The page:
Share your voice 2019 Mitsubishi Outlander PHEV review: A plug-in SUV that lacks appeal Mitsubishi More From Roadshow The 2020 Mitsubishi Outlander Sport looks bolder than ever 2019 Honda CR-V review: Still one of the best small SUVs around 2020 Mercedes-AMG GT first drive: A refresh that polishes an already good car Enlarge ImageMitsubishi Electric and Here’s Lane Hazard Warning system can identify road hazards like stalled cars or slick pavement and upload that information to the cloud for other cars. Mitsubishi Electric/HERE Mitsubishi Electric — no, not the car maker, but related — and a Dutch company called Here have been working on a vehicle-to-cloud-to-vehicle information system that would allow a car to report a road hazard and share it with other vehicles. The system is called Lane Hazard Warning, and unlike a lot of V2V systems, this one just completed its second successful real-world test, the two companies announced today.The first real-world test of the Lane Hazard Warning system took place in Tsukuba City, Japan, in winter 2018. The second test took place in Southern California and concluded at the end of April. Pretty cool, but what exactly does the system do?First, Lane Hazard Warning uses a vehicle’s sensors to identify potential road hazards such as wrecked cars, big potholes and slippery surfaces. It then flags those hazards and which lane or lanes they affect and sends that data to the cloud where other vehicles equipped with the system can access it.”When something unusual happens on the road ahead drivers often have very little time to react, and that can put them and their passengers at risk,” Hiroshi Onishi, executive officer and group president of Automotive Equipment at Mitsubishi Electric, said in a statement. “Together with Here Technologies, we’ve developed a new system designed to give drivers a few valuable extra seconds or minutes to prepare for a potential danger on the road ahead, such as by switching lanes or simply driving with greater caution. “The two companies are planning to make the system available to automakers for testing, with the ultimate goal being to license the technology out to companies developing self-driving cars or vehicles with advanced driver assistance features. Tags 0 18 Photos Auto Tech Car Industry Post a comment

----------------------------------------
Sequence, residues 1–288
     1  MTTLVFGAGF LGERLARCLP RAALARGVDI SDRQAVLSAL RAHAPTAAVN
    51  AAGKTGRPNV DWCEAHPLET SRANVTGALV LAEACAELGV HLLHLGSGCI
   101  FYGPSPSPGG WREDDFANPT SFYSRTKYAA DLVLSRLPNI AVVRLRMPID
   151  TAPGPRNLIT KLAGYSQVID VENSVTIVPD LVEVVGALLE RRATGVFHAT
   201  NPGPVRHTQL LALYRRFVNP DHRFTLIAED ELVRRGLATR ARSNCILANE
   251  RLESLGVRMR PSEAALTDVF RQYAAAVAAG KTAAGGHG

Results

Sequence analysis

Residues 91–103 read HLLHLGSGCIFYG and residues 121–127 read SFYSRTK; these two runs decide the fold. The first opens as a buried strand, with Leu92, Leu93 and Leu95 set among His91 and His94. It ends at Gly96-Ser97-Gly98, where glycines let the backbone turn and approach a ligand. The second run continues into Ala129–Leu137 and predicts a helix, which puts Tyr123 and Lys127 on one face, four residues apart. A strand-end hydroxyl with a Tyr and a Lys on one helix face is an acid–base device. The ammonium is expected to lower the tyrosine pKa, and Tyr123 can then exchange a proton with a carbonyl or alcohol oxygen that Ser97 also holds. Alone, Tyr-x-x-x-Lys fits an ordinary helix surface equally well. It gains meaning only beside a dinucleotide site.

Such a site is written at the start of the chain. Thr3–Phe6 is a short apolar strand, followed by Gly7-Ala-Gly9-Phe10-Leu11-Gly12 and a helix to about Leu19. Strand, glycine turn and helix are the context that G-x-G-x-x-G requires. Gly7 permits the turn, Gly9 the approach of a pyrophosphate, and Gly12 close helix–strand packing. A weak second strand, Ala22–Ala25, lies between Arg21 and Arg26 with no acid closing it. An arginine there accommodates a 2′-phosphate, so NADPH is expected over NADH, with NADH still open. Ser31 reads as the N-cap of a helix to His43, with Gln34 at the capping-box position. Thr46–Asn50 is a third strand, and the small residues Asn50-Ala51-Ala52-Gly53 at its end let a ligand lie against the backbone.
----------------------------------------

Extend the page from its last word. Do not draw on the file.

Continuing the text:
Sumon JahidThe body of Sumon Jahid, son of martyred journalist Selina Parvin, was recovered from the rail line near Khilgaon Bagicha in the city on Thursday morning.The police recovered the mutilated body from the rail line at 8:00am.“I think he has been killed. He has been threatened with death after he had appeared as a witness in cases against Chowdhury Moinuddin and Ashrafuzzaman at the International Crimes Tribunal,” Sumon’s close relative Kazi Md Bakhtiar Twinkle told Prothom Alo.“The police knew the matter. He was provided security. The police advised him to move with arms.”After carrying out autopsy, the forensic department chief at Dhaka Medical College Hospital (DMCH), Sohel Mahmud told journalists that viscera of the body has been collected. He said his back, head, face, and nose bore injury marks.Sohel Mahmud, however, said it seems that the head has been separated from the body after being crashed under a train.Asked whether Sumon was left on the rail track after making him unconscious, the physician said it might have happened. After getting complete reports of viscera and autopsy, the cause of death could be ascertained, Mahmud said.Railway police station officer-in-station Yeasin Faruk said Sumon’s body was lying on the rail line.Those, who live in Shajahanpur railway station area, used to see him in the area. Sumon Jahid lived in Shajahanpur area, local people said.